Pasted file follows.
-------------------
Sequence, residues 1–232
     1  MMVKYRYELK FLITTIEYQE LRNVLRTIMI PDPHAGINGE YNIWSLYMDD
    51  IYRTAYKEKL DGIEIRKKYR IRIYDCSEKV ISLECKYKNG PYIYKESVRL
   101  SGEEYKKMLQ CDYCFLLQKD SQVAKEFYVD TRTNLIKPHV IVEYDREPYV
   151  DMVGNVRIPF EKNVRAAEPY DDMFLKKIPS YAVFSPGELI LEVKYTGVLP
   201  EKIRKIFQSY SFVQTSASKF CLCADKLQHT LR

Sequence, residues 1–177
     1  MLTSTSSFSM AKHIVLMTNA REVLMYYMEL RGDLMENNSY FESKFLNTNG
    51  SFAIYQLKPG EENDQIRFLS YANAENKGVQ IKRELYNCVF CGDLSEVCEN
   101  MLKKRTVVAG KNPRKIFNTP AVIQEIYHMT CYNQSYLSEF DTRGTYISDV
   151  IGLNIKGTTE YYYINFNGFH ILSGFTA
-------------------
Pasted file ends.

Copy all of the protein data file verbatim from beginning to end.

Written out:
Sequence, residues 1–232
     1  MMVKYRYELK FLITTIEYQE LRNVLRTIMI PDPHAGINGE YNIWSLYMDD
    51  IYRTAYKEKL DGIEIRKKYR IRIYDCSEKV ISLECKYKNG PYIYKESVRL
   101  SGEEYKKMLQ CDYCFLLQKD SQVAKEFYVD TRTNLIKPHV IVEYDREPYV
   151  DMVGNVRIPF EKNVRAAEPY DDMFLKKIPS YAVFSPGELI LEVKYTGVLP
   201  EKIRKIFQSY SFVQTSASKF CLCADKLQHT LR

Sequence, residues 1–177
     1  MLTSTSSFSM AKHIVLMTNA REVLMYYMEL RGDLMENNSY FESKFLNTNG
    51  SFAIYQLKPG EENDQIRFLS YANAENKGVQ IKRELYNCVF CGDLSEVCEN
   101  MLKKRTVVAG KNPRKIFNTP AVIQEIYHMT CYNQSYLSEF DTRGTYISDV
   151  IGLNIKGTTE YYYINFNGFH ILSGFTA